Sally Magnusson is a Scottish author and broadcaster. After focussing on journalism and non-fiction, including the Sunday Times bestseller Where Memories Go, she moved into fiction with the publication in 2018 of her debut novel, The Sealwoman’s Gift. Her second novel, The Ninth Child, was published by Two Roads in March 2020. Her third, Music in the Dark, is due out in early 2023.


‘An engaging mix of folklore and Victorian history’ (Sunday Times)

Pacy and accomplished, with a supernatural chill’ (The Herald)

‘An accomplished piece of writing, cementing Magnusson’s place as one of Scotland’s leading writers of historical fiction’ (Scotland on Sunday)

‘Extraordinarily vivid. Few books have this impact on me’ (Michelle Gallen, author of Big Girl Small Town)

‘An absolute triumph. I love the lively intelligent heroine and the brooding sense of menace throughout. (Sarah Haywood , author of The Cactus)

‘Wonderful. One never messes with the faeries’ (Melanie Reid, The Times)

‘A dramatic and magical novel, told with enormous zest and wit’ (Les Wilson, author of The Drowned and the Saved)

‘A very impressive piece of writing, drawing on a strong sense of place and a rich seam of history and folklore for its power’ (Donald Murray, author of As the Women Lay Dreaming)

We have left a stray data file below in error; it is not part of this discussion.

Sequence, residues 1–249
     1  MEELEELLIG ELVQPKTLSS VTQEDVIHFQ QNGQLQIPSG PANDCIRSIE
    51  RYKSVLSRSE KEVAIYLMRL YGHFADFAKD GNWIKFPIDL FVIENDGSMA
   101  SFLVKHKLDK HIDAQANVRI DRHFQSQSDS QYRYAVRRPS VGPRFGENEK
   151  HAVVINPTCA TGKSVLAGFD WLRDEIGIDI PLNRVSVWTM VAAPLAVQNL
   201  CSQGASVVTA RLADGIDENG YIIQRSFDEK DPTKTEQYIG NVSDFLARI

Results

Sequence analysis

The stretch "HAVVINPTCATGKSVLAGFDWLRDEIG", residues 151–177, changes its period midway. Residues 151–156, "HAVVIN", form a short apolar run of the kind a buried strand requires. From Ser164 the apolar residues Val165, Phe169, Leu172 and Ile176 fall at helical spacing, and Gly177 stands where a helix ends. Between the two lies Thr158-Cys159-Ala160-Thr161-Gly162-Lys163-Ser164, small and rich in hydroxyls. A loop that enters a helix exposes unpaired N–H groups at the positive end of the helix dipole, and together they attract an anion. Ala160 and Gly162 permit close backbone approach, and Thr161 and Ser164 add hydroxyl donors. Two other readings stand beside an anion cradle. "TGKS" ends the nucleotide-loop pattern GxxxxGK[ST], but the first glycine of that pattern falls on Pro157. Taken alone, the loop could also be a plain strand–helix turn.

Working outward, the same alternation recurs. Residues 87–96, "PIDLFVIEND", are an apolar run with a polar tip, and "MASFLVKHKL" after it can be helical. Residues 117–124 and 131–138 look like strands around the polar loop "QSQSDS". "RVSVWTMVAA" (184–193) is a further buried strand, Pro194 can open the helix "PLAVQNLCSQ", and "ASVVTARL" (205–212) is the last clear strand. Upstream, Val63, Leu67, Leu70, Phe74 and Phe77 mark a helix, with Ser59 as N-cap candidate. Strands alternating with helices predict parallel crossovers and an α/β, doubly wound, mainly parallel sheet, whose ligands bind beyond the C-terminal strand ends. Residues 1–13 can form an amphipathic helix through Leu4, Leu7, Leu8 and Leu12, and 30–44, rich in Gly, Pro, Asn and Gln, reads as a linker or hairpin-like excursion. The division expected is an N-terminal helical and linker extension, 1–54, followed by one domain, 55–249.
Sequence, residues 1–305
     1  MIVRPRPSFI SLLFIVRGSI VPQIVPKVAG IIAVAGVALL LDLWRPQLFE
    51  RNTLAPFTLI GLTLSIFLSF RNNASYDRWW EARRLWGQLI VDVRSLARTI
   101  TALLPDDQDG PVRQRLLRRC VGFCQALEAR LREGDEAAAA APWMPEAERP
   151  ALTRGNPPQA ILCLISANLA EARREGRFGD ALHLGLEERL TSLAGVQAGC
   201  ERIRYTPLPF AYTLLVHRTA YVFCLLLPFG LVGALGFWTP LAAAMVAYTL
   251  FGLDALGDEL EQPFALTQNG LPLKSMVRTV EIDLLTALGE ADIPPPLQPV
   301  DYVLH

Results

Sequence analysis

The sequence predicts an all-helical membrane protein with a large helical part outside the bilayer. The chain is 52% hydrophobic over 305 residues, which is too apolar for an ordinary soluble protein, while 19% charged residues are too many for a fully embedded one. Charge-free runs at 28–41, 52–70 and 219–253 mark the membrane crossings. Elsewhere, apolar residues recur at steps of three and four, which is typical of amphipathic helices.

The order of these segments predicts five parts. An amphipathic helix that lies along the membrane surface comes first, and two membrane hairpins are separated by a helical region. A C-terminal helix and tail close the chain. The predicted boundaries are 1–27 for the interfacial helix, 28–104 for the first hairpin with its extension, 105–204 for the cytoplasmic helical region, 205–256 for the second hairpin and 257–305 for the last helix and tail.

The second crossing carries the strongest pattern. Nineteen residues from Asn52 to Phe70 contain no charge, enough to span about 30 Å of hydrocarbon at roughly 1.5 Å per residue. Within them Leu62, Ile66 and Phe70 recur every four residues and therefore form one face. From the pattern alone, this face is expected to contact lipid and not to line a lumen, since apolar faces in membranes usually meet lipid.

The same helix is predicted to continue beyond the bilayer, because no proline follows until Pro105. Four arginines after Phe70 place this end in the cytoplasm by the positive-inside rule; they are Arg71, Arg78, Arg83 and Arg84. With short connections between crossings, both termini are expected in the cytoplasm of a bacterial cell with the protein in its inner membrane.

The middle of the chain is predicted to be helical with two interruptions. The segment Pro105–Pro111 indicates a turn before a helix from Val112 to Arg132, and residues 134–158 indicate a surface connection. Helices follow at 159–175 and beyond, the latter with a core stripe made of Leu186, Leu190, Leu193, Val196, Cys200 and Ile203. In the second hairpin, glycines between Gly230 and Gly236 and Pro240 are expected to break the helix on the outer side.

Shortlisted for the Authors’ Club Best First Novel Award 2019, the Paul Torday Memorial Prize, the McKitterick Prize, the Waverton Good Read Award, the HWA Debut Fiction Crown and the Saltire Fiction Book of the Year.  It was chosen for ITV’s Zoe Ball Book Club and the Radio 2 Book Club.

‘Moving, accomplished … Richly imagined and energetically told, The Sealwoman’s Gift is a powerful tale of loss and endurance.’ (Sunday Times)

‘An extraordinarily immersive read that emphasises the power of stories, examining themes of motherhood, identity, exile and freedom.’ (Guardian)

‘An enthralling mixture of recovered history and the imagining of lost lives … this is the best sort of historical novel.’ (Scotsman)

‘Magnusson has found in the silences of the historical record the space for a novel that moves gracefully between what is known and what must be imagined…Much of the pleasure of reading The Sealwoman’s Gift is that of a good yarn well told.’ ( The Times Literary Supplement)

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